General Motors made the decision to recall every single 5th generation Chevrolet Camaro (2010-present) after discovering that if you hit the ignition key with your knee hard enough and in the right way, it can turn the key out of the run position. Having a car shut off suddenly and lose power can also reduce the effectiveness of the power brakes and power steering system – all of which increase the likelihood of a crash.
The Camaro Switchblade Key is the Problem
The 5th gen Camaro uses a switchblade key design where the actual metal ignition key folds into the rectangular key fob and with the push of a button, the key snaps into the locked position. Unfortunately, this connected fob design creates a large target for the driver’s knee and when hit the right way, it can shut the engine off while driving. Although it is a very slim chance of happening, it is another ignition risk that GM doesn’t want to face so they are recalling these cars to replace the key design.
Instead of the switchblade design, the dealership will likely issue a normal key that will connect to a separate fob via a keychain loop. This design will make it nearly impossible to turn off the key with your knee, although the proposed fix doesn’t pack the same “cool factor” as the switchblade key. I have driven plenty of General Motors vehicles in the past few years with a similar switchblade key design and it is a neat design. It isn’t really functionally better, but it is one of those little things that add to the total package.
If I owned a 5th gen Camaro, I would prefer the switchblade fob…and I’m not alone. Although some owners look forward to a new ignition key due to wear and tear on their switchblade key fob, many don’t want to hand over both of their key fobs since the switchblade is technically the proper key for a 2010-2014 Camaro.
GM Can’t Make You Trade Your Keys, But…
I have been reading tons of comments by 5th gen Chevrolet Camaro owners over the past two weeks where owners are stating very clearly that when the time comes to have their car serviced under this key fob recall, they will not take in both of their switchblade keys. Many of them plan to tell the dealership that they lost the other key so that after they get their new key and fob, they will still have a copy of the original switchblade key for their Camaro. Realistically, there is nothing that GM can do to force you to hand over both keys…mostly because people lose stuff.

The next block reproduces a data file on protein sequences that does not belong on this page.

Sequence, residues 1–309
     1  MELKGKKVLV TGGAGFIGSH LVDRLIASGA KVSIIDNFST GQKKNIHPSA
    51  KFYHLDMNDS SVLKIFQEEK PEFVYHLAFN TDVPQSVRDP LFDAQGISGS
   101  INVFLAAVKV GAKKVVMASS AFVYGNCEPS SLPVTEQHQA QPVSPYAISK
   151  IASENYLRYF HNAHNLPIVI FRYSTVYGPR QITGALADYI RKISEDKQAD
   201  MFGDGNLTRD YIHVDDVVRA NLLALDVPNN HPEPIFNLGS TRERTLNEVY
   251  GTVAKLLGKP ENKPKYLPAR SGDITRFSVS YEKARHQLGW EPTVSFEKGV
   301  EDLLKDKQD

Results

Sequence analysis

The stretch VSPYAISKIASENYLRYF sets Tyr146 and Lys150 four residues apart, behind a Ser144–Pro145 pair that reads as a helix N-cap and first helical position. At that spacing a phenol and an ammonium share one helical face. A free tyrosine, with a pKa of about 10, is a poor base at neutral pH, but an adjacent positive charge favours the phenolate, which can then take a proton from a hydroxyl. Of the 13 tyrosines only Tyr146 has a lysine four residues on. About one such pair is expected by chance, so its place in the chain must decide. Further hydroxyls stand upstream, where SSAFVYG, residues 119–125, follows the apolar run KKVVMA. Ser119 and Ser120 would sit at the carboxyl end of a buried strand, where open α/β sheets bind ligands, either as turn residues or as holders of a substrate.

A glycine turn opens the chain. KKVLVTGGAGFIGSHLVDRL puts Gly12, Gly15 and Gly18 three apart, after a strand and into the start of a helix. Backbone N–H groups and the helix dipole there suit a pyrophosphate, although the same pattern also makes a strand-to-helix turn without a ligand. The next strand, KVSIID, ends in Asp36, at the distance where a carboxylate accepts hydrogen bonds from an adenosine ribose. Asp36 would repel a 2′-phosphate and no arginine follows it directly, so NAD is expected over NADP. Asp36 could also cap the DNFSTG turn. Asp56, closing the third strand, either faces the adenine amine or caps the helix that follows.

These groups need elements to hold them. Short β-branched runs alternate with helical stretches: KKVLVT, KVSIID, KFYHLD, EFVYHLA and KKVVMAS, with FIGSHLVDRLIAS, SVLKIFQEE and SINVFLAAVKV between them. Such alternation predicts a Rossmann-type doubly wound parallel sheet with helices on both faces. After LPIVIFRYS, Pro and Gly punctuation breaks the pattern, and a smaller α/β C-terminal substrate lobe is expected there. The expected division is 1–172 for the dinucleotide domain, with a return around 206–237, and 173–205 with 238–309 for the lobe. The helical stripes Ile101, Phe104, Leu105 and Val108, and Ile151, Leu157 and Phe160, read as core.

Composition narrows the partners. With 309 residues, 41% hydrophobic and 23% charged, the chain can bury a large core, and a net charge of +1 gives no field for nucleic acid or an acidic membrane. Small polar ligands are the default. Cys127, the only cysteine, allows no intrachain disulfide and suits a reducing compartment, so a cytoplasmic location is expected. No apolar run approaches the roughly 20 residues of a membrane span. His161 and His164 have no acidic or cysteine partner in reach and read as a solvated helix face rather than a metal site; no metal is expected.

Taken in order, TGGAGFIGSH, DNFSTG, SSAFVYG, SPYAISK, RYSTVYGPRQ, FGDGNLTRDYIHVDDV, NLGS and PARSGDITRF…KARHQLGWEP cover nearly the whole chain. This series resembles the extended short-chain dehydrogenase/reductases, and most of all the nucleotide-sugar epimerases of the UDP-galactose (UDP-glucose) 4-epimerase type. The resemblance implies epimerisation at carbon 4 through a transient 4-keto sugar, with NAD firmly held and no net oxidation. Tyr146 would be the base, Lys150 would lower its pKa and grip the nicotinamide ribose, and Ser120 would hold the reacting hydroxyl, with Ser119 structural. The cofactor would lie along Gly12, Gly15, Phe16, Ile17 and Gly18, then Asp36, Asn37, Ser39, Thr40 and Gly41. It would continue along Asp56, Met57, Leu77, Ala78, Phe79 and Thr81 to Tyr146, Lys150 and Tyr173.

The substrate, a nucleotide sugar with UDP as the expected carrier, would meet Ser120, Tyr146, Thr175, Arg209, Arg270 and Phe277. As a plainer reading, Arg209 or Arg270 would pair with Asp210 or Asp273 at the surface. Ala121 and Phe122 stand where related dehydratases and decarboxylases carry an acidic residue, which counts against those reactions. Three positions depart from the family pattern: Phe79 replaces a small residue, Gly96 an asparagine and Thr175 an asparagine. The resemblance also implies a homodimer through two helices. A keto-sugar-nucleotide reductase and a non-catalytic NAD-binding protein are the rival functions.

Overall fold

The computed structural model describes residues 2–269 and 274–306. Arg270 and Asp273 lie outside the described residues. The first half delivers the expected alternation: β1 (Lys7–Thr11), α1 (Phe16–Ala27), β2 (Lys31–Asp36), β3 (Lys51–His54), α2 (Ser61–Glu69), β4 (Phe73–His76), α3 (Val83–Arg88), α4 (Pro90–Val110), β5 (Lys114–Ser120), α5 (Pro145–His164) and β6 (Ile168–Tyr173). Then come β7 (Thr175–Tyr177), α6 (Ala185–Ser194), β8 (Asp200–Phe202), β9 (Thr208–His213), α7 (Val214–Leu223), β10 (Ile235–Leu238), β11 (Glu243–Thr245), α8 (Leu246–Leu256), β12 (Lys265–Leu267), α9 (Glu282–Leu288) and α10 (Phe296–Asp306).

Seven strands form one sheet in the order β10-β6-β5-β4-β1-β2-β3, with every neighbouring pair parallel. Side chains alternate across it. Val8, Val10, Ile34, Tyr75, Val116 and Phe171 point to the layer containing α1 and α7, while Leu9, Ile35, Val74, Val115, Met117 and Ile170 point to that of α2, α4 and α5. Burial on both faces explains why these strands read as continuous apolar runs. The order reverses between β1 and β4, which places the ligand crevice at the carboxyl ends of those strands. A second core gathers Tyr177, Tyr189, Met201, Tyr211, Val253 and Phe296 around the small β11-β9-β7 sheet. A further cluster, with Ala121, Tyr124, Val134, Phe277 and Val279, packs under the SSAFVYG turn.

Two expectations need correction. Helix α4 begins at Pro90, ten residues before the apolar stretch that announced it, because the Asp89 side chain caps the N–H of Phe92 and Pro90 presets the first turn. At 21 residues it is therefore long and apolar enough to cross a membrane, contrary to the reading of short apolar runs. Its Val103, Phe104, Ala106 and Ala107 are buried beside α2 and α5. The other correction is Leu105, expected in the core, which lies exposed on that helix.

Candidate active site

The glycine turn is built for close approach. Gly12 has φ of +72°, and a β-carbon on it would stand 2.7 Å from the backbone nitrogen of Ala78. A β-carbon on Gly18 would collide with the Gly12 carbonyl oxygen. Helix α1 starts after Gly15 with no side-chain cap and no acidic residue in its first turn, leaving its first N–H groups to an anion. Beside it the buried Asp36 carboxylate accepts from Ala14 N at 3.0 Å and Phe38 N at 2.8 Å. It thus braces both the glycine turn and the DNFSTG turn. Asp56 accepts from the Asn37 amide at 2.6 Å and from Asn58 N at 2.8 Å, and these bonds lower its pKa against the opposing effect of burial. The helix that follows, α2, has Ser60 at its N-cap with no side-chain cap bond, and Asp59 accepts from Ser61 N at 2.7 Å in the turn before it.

However, General Motors can and almost certainly will make sure that the switchblade key fobs don’t work in the Chevrolet Camaro coupes and convertibles that are serviced under this recall. In much the same way that a dealership recodes a vehicle for new keys, I expect that dealerships will reprogram the ignition system so that only the keys issued at the time of the recall service will work going forward. GM cannot force you to turn in both keys, but they can make sure that the key that you keep won’t work anymore.
Now, there is the possibility that General Motors will recognize the owners’ desires to keep their original key fobs so perhaps they will just make it so that they cannot work, but I wouldn’t be surprised if the dealership tries to keep the switchblade, or at least breaks the ignition key portion off to guarantee that the owner won’t try using it. If that is the case, the only way to keep your original key might be to “lose it” before having the work done – but that will likely cause them to only give you one new key for free.